An example usage is in defining class equivalencies between different schemas. The ontology provides a way of asserting that genes found in Uniprot, Bio2RDF, and other datasets are all different representations of the same entity, promoting datasource interoperability and allowing the user to decorate Python object representations with a mix of facts derived from different datasets while remaining consistent.
Because SemNExT's datamodel and provenance class hierarchies are designed to mirror the structure of the PROV Ontology, extensions to the core model should account for a similar design pattern in both the OWL and Python built off of the W3C recommendation.

SemNExT Classes

SemNExT relies on a collection of nine different classes that form the basis for applications using the framework. Each class will have a representation in the core ontology, which allows their instances to be reasoned about in the triplestore before being implemented in Python. All of the following are subclassed from the prov.Entity object in order to promote the design going forward (unless otherwise noted).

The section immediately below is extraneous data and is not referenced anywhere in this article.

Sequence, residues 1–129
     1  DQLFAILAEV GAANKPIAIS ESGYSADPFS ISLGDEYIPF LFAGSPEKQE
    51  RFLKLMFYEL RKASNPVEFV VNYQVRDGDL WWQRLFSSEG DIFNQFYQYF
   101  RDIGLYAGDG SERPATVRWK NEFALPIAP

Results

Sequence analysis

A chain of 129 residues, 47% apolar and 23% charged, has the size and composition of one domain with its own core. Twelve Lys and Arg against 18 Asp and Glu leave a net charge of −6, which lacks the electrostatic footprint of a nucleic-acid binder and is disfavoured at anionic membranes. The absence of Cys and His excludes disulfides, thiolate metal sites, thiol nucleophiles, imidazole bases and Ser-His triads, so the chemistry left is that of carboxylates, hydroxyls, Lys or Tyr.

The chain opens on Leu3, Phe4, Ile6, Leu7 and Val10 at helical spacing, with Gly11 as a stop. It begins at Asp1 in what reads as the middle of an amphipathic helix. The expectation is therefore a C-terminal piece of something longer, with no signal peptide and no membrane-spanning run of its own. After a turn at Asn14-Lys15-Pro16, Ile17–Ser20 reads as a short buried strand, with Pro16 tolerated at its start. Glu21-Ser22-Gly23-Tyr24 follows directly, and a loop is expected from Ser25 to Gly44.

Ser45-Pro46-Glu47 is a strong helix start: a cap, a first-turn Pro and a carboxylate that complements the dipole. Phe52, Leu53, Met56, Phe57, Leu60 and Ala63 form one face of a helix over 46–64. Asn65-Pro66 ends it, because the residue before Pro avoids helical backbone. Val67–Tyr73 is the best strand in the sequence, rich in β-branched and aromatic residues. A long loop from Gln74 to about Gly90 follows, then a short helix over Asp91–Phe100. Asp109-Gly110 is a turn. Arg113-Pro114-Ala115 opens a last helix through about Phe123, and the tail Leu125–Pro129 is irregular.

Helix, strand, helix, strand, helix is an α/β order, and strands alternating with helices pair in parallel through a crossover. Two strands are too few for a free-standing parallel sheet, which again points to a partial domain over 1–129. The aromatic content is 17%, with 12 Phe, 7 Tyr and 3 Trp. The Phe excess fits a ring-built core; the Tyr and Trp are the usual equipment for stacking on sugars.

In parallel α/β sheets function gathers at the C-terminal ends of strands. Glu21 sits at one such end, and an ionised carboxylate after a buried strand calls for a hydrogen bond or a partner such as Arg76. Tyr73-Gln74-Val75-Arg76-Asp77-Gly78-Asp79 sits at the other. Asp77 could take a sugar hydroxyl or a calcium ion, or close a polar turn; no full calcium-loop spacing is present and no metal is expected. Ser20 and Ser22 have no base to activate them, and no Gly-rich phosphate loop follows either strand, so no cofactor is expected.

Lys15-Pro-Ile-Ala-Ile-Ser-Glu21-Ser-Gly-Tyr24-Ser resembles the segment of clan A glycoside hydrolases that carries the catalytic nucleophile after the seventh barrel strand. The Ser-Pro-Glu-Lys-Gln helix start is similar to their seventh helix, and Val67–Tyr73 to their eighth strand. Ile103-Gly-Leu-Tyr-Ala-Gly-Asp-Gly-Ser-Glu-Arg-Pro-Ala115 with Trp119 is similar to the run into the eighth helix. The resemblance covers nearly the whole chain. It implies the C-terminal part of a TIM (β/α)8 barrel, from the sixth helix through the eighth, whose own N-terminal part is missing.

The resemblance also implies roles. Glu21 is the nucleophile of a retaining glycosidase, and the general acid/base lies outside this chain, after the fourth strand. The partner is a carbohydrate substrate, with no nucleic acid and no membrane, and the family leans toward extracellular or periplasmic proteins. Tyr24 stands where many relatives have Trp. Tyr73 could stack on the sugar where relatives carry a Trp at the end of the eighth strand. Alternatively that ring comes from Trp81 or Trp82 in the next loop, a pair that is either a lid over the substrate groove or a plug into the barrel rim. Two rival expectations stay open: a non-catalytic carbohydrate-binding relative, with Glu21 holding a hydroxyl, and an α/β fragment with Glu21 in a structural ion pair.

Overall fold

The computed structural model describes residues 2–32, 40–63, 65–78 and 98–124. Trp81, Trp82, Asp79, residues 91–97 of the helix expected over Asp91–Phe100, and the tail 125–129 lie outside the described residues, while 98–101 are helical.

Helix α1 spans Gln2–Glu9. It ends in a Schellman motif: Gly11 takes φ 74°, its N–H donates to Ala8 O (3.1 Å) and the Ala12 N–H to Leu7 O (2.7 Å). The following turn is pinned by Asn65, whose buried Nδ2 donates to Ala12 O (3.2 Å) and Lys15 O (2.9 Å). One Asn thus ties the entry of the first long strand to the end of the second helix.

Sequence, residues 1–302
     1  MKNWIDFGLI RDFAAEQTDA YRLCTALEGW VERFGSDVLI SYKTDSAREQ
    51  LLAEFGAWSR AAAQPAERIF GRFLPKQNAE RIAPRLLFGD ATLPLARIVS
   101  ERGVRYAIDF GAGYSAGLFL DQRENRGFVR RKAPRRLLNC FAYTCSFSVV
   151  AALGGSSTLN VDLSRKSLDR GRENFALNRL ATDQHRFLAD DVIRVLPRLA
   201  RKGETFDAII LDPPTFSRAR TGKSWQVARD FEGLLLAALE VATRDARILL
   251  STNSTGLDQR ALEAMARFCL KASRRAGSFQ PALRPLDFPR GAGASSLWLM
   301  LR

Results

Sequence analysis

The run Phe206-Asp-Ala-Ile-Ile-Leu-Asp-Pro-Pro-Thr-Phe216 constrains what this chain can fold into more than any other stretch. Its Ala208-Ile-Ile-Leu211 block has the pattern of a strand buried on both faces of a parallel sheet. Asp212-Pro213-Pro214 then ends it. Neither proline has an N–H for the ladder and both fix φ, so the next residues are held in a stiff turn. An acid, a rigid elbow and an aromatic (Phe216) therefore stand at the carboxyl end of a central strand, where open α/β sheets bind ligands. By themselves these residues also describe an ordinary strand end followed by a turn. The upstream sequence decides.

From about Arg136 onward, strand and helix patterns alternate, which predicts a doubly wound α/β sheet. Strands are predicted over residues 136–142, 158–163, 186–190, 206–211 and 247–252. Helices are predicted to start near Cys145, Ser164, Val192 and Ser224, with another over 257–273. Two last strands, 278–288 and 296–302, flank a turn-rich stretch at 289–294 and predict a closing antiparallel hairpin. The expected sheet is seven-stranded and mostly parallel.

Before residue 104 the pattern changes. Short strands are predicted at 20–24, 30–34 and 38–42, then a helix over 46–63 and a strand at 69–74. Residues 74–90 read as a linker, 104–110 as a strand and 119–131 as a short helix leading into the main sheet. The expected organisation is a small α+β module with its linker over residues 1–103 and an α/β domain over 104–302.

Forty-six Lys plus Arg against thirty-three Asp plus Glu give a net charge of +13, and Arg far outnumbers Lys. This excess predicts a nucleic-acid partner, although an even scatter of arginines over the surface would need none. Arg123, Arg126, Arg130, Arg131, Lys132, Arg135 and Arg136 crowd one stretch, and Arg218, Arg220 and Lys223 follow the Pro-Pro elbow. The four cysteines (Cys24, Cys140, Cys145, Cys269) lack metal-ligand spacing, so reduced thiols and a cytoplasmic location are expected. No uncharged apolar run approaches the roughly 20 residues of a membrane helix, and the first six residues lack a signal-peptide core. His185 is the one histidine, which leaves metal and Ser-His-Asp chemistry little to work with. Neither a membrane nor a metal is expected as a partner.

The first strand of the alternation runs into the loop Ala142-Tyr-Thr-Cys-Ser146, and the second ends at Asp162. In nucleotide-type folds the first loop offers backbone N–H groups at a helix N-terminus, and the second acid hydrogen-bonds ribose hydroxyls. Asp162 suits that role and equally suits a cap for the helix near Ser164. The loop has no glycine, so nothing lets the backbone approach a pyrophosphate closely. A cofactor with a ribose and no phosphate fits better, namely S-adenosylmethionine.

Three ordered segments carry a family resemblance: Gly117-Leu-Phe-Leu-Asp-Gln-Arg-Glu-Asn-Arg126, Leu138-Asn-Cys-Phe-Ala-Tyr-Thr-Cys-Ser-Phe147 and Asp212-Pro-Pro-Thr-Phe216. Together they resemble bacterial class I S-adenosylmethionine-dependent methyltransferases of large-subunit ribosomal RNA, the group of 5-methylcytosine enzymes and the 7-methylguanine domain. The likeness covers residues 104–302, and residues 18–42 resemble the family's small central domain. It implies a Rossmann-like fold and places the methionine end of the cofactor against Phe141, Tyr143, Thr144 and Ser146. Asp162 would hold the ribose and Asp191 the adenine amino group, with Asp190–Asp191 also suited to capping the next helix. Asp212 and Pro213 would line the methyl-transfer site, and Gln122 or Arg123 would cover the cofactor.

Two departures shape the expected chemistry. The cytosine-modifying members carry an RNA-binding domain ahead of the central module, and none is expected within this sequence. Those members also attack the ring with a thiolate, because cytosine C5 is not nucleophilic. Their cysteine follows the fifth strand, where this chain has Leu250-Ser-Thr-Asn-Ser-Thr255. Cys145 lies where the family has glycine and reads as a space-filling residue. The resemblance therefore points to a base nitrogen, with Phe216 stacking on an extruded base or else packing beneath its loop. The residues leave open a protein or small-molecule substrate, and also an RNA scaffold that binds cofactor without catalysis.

The Analysis object is a high-level representation of a mathematical procedure implemented as a script. The constructor accepts a URI referencing this script, which is then downloaded and housed in the Python representation for future use. This class is not meant to be instantiated directly but should be subclassed according to the desired implementation. The RAnalysis class is such an implementation designed to handle references to R scripts.


The Annotator object is a lightweight class defined with two methods, processes_entity and annotate_entity. If the former method returns true when executed against a prov.Entity instance (can be a subclass), the entity can be fed to annotate_entity in order to append useful information to the Python instance.


The Cache object is a top-level interface for interacting with a user-defined memory management system. For our purposes, we have defined a RedisCache object, which allows the user to interact with the Redis instance created as part of the SemNExT service. It stores and returns intermediary results in memory as JSON-LD, as well as manages cache eviction operations.


The Crawler module serves as a container for Scrapy spiders aimed at sites of interest that do not have datasets available in a format appropriate for use with the Datasource module. This allows SemNExT to garner unstructured data in the form of text scraping as well.